I learned a lot about the people and the different cultures of ancient civilizations through their art and architecture.  It gives me a better understanding of their artwork and an understanding of how much influence cultures had on each other, even our own.


  1. Sounds like you enjoyed lots of different cultures and artistic styles! I'm glad about that. I like all of the pieces that you mentioned, too. The "Girl Gathering Saffron" is one of my favorites from the Minoan period - I love her shaved head (and "lock of youth"), as well as the curvilinear lines that outline her body and clothing. I also like how she is associated with "coming of age" rituals, as implied with the saffron plant.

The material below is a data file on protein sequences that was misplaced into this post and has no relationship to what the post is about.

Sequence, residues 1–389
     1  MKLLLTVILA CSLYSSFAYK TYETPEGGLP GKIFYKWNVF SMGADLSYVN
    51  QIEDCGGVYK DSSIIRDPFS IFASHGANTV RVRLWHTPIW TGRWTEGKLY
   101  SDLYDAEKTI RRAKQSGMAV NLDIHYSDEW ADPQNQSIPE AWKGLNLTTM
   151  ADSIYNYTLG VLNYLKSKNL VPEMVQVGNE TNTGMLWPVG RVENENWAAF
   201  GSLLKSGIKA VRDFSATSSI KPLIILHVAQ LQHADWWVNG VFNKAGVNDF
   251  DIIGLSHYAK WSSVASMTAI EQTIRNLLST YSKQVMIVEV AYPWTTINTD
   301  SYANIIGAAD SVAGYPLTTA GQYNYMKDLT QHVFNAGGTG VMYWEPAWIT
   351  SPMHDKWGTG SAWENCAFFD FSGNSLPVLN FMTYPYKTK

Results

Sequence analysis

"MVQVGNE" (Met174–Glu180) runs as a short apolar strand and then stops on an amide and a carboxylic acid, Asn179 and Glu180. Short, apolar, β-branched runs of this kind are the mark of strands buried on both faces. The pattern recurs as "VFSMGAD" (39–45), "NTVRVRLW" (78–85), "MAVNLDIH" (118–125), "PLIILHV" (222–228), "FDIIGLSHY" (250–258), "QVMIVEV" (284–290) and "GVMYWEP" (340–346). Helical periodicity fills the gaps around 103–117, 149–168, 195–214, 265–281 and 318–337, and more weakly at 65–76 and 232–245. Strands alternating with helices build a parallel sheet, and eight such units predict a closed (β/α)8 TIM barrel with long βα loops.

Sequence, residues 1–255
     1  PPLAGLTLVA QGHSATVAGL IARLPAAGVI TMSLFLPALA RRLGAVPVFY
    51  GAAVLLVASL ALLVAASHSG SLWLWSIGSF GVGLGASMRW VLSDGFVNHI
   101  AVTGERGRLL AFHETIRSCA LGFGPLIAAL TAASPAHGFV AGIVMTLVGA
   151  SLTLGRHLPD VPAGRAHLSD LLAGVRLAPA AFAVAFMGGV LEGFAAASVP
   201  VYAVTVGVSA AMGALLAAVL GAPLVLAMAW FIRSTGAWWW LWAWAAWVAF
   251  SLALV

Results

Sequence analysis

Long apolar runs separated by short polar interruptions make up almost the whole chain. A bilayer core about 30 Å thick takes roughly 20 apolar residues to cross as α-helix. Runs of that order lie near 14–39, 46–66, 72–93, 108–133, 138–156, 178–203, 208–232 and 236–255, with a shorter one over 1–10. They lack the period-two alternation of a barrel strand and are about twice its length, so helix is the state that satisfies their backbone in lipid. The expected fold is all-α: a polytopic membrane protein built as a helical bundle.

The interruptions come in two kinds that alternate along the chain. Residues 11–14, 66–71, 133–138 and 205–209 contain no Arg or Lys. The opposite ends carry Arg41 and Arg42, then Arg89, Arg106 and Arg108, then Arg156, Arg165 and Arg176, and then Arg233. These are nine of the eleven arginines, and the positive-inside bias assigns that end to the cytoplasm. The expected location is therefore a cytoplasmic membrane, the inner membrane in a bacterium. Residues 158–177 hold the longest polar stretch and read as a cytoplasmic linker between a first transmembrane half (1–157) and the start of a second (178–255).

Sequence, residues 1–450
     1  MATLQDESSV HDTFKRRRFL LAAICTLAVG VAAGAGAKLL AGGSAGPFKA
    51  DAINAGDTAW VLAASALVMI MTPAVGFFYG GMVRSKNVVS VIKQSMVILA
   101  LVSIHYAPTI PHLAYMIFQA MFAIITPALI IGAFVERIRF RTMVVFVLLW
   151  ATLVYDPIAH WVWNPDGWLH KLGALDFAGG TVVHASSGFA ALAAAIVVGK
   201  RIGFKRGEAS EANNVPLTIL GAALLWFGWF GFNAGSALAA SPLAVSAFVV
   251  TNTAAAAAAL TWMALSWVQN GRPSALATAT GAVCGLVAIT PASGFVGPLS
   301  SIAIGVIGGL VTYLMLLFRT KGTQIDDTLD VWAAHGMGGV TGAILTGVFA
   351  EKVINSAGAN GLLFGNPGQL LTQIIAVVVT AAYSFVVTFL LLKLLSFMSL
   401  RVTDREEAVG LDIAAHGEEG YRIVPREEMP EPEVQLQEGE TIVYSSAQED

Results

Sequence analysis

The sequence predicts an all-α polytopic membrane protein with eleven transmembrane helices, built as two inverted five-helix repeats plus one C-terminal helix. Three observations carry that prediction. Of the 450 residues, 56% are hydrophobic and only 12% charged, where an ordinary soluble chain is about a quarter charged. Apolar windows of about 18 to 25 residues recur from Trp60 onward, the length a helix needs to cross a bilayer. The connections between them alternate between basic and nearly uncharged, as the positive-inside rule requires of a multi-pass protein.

I enjoyed teaching you this quarter!

    -Prof. Bowen

  2. I really liked how you focused on political propaganda art rather than general art. While reading your blog, I thought about graphic designers back in those times. I guess, they would not be called graphic designers. I thought about them because nowadays graphic designers are the ones who tend to do most political propaganda campaigns in terms of putting together the overall visual message. Non-digital art is used as part of graphic designs, but it's not usually the sole piece that will eventually represent a political propaganda piece like it did in ancient times. In our time, it would seem weird to think that a sculptor or painter would do an entire campaign piece. I don't know if I'm making sense or not, hopefully I am. Great post!

  3. Wow, a complete tour and I can tell you enjoyed every stop. I love how you tell the story of the progression of art and its ever changing face. I really liked that you connected each culture with a favored work of art. This blog is fantastic. Thank you.